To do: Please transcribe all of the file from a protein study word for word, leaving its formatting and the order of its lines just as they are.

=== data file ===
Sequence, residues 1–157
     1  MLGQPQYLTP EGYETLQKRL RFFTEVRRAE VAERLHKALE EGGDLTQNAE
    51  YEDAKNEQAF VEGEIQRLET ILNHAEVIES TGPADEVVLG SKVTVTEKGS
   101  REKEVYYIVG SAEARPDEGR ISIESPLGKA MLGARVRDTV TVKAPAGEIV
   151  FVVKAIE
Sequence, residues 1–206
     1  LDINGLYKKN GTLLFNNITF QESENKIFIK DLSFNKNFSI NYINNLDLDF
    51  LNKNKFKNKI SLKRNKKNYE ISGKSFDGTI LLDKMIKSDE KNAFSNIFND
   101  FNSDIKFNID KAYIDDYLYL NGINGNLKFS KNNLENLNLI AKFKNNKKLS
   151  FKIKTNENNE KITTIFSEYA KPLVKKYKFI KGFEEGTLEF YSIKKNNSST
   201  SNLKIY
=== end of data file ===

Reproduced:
Sequence, residues 1–157
     1  MLGQPQYLTP EGYETLQKRL RFFTEVRRAE VAERLHKALE EGGDLTQNAE
    51  YEDAKNEQAF VEGEIQRLET ILNHAEVIES TGPADEVVLG SKVTVTEKGS
   101  REKEVYYIVG SAEARPDEGR ISIESPLGKA MLGARVRDTV TVKAPAGEIV
   151  FVVKAIE
Sequence, residues 1–206
     1  LDINGLYKKN GTLLFNNITF QESENKIFIK DLSFNKNFSI NYINNLDLDF
    51  LNKNKFKNKI SLKRNKKNYE ISGKSFDGTI LLDKMIKSDE KNAFSNIFND
   101  FNSDIKFNID KAYIDDYLYL NGINGNLKFS KNNLENLNLI AKFKNNKKLS
   151  FKIKTNENNE KITTIFSEYA KPLVKKYKFI KGFEEGTLEF YSIKKNNSST
   201  SNLKIY